How to spot (and avoid) a horrible boss

How to deal with horrible bosses

A couple of months ago I wrote about what I look for when interviewing a job applicant. Now it is worth considering what you, the applicant, should be looking for.

No matter what stage of life or career you are at, as an interviewee, it really is your responsibility to be an investigator. Digging beneath the surface is often required to uncover the true culture of a business and the personality of the person sitting across from you. Clues abound, but they will be of no value to you if you are not looking for them.

Every moment of my working life I sum up clues about people’s character, authenticity, motivation and whether they’re going to be easy to collaborate with. This mindset is very beneficial in interviews. Here are my tips to help you make an informed decision about the potential new job and boss:

1. Keep an ear to the ground

From the moment the interview begins, study whether your interviewer(s) is actually listening to what you have to say. More to the point, ascertain whether they are exhibiting a genuine curiosity and interest in you. If they don’t in the interview, it is likely they won’t in the job. Is that the sort of person you want to work for? Signs a company has a culture problem.

2. Honest eyes

One of my tried and tested techniques is to determine whether a person’s eyes are in alignment with what they are telling me. The eyes often tell a contrary story to the voice. When in doubt, I trust the eyes. So, are the interviewers eyes and what they are telling you consistent?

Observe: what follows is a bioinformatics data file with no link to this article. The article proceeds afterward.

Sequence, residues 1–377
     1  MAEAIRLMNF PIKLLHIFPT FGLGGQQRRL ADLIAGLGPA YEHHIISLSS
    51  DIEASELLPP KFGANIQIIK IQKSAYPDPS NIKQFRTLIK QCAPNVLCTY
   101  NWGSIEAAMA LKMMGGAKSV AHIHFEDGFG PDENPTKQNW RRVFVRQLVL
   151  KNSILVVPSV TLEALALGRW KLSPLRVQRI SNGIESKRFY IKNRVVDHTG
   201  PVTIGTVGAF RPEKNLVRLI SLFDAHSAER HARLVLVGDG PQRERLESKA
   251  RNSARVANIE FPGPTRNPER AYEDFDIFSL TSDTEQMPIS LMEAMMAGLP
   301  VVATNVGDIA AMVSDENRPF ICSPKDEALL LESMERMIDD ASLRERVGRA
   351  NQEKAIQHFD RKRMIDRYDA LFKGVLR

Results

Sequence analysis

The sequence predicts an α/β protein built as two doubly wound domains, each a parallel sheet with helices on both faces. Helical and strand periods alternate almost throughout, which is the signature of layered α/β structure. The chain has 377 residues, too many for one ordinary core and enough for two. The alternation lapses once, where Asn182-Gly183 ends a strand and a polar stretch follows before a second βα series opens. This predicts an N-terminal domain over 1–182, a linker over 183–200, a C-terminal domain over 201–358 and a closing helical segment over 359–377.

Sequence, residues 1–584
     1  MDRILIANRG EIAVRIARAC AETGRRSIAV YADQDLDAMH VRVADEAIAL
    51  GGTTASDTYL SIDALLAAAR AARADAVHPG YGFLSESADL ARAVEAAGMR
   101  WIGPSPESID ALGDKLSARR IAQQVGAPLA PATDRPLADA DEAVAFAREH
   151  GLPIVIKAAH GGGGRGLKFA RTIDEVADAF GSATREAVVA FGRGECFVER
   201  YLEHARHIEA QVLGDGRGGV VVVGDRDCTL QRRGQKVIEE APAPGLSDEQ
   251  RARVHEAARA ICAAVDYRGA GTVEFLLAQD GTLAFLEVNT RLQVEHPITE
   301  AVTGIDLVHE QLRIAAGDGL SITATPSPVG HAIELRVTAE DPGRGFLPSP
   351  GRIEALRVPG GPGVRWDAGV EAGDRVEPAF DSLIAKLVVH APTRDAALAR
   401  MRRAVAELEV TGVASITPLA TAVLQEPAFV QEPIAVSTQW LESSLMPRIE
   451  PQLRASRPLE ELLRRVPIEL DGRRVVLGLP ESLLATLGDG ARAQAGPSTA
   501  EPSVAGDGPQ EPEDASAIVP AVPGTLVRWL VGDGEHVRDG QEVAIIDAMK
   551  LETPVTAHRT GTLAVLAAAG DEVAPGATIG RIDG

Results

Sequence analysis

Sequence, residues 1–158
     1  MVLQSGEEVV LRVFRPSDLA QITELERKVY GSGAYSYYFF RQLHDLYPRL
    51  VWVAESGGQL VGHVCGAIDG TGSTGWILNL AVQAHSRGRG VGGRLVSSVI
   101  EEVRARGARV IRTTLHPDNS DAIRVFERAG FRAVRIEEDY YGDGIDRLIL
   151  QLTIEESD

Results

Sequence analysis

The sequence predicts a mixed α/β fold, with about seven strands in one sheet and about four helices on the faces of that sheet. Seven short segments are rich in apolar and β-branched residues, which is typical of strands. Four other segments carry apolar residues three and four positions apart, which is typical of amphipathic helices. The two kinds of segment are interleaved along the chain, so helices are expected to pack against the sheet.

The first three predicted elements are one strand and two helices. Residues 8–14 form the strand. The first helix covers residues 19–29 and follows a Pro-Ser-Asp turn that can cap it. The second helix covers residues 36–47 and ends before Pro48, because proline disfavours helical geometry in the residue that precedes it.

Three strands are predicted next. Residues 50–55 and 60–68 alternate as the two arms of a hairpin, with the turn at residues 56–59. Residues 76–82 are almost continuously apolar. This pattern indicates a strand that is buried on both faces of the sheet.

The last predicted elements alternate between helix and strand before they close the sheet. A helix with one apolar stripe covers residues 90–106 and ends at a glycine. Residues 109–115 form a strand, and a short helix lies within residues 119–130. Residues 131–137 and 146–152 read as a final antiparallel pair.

3. If it is “I” before “we”, reconsider becoming an employee

As a potential employee you want to feel part of a team with a common purpose. You need evidence during the interview that such a team might exist. One of the ways to form a reasonable view is to listen carefully to the language being used by the interviewers. A natural team leader will comfortably use the word “we” when discussing the workplace. The interview should never be about the interviewer’s personal achievements or goals. Sure, they might slip these in occasionally, but proceed cautiously if it is always “I” before “we”.

4. The Dominator

In almost every interview there is a dominant interviewer – this is often the most senior person in the room. This scenario provides you with a very good opportunity to note firsthand the comfort of the other staff in the presence of their boss. Do they nod nervously in agreement? Are they shy to engage more broadly in the conversation? Are they seeking approval after they speak? Look for the signs of the world you might be signing up to. Are you a bad boss or do you have one?

5. Throw in the culture question

Ask the dominant interviewer to describe what they view as the culture of their organisation. More often than not you can expect one of three responses.

One, a generalization of the behaviours expected within the business. Two, a dispassionate articulation of structure and protocol. Finally, and the one most of us want to hear, is a passionate explanation of the positive and sustainable culture that has been built over time. Whatever the response, if it is genuine, you should note a positive change in the body language of the responder and his or her colleagues.

Developing complete certainty about a new job is impossible to achieve, but through a well thought out investigation, paying attention to the clues, you will be able to obtain a degree of confidence that the job is right for you. I wish you all the best.


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